Giżycko (formlery known as Lötzen) is the largest city on the Great Masurian Lakes and proudly bears the title “Sailing Capital of Poland”. Many people visit Giżycko mainly because of the beach, the canal with its swing bridge and its beautiful location on Lake Niegocin. However, the city also offers one of the most historically interesting sights of the region, an old Prussian fortress. In this article we would like to introduce you to Boyen Fortress in more detail.
The history of the Boyen Fortress
Here, in the former border area between Prussia and Russia, an approximately 100 hectare facility was built between 1844 and 1875 under King Frederick William IV, strategically located on the isthmus between Lake Niegocin and Lake Kisajno. Boyen was part of a whole series of fortifications designed to secure this militarily sensitive area against a threatening Russian attack. The initiator was the Prussian Minister of War at the time, Hermann von Boyen, who is considered the founder of general conscription in Prussia and who still gives the fortress its name. General Ernst Ludwig von Aster, who had already distinguished himself with the construction of modern fortifications along the Rhine, and Colonel Johann von Bress-Winiary were commissioned with the planning of the complex.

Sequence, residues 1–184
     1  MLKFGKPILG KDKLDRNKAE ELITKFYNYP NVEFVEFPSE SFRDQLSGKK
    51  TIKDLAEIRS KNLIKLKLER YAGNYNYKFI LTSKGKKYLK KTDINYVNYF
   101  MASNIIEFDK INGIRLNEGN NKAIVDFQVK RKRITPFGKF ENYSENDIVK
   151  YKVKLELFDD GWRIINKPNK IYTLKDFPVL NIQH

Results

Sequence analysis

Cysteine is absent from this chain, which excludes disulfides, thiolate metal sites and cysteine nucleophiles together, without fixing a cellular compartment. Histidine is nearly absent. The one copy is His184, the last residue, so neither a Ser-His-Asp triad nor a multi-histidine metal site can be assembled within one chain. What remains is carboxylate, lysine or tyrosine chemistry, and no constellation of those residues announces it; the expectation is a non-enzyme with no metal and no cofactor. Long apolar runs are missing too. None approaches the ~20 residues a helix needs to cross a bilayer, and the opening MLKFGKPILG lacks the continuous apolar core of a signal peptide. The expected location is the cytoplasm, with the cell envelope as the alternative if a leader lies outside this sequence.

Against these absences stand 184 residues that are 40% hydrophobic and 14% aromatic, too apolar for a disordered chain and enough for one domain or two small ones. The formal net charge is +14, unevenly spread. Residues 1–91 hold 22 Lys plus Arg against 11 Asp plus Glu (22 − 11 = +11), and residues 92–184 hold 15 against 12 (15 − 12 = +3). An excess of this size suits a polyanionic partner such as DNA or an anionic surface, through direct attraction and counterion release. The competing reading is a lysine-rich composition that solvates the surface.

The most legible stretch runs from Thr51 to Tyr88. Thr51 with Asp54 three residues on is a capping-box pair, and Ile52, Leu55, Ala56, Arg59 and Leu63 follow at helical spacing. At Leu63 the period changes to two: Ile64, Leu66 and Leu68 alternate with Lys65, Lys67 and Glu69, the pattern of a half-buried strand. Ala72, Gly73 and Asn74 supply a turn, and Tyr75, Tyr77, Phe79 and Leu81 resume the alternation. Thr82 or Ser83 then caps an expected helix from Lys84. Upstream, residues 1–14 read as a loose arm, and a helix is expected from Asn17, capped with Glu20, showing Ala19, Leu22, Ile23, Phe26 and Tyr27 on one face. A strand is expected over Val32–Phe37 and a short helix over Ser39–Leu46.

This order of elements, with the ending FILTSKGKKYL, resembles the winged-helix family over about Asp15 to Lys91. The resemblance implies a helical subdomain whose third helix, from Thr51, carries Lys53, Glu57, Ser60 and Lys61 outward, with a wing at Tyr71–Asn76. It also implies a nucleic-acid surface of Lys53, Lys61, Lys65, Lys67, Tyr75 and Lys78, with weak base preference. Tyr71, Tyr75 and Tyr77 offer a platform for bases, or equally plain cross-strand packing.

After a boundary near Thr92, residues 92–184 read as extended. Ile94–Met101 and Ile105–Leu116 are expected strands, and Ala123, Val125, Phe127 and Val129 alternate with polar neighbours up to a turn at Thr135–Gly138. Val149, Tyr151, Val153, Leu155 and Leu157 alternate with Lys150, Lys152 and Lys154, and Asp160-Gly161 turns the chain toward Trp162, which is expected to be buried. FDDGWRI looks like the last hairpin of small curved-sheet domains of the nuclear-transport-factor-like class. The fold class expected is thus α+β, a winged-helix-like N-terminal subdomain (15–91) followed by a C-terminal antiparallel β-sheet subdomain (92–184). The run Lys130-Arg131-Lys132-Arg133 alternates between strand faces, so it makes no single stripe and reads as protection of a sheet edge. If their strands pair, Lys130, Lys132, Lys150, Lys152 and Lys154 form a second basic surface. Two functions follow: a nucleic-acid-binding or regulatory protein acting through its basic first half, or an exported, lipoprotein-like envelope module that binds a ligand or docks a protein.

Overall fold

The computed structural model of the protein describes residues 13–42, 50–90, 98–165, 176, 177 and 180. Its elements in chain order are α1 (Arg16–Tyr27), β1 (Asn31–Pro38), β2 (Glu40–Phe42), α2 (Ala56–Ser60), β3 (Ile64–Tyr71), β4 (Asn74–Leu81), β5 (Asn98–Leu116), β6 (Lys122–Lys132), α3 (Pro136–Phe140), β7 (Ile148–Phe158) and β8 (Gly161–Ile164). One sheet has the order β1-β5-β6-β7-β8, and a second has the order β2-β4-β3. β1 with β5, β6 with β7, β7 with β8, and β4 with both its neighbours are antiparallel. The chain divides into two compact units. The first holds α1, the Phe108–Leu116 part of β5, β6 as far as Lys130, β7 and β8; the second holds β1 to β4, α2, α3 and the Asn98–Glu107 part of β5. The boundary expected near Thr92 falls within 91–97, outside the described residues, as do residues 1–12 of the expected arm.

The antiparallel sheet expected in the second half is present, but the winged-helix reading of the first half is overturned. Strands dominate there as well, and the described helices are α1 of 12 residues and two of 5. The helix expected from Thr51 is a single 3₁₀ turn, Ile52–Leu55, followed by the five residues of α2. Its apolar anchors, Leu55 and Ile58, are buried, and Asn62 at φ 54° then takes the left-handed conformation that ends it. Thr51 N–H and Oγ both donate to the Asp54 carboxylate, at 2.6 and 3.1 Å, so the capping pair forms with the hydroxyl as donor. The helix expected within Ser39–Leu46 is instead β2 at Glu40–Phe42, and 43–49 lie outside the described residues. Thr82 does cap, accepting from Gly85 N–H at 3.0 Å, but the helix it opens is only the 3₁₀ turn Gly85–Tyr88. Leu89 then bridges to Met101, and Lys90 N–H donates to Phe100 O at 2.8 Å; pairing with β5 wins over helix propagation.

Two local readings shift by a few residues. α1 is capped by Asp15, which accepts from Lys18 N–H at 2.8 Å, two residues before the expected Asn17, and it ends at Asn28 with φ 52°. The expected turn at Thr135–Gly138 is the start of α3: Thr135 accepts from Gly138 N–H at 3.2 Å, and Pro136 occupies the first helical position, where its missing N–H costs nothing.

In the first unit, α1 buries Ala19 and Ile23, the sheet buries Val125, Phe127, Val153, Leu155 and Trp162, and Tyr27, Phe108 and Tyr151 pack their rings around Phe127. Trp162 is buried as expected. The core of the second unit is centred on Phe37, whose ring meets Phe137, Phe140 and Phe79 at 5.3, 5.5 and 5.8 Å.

Structure of the fortress
A gigantic complex in the shape of a star with seven points was created, secured by walls and ditches and strategically ideally located on a hill. Six bastions, countless barracks and farm buildings comprised the construction, for which a total of around 16 million bricks were required. The huge investment was to pay off. Although warfare developed rapidly between the mid-19th century and the First World War and many fortresses lost importance due to new artillery technology, Fort Boyen proved to be impregnable.
The fortress in World War I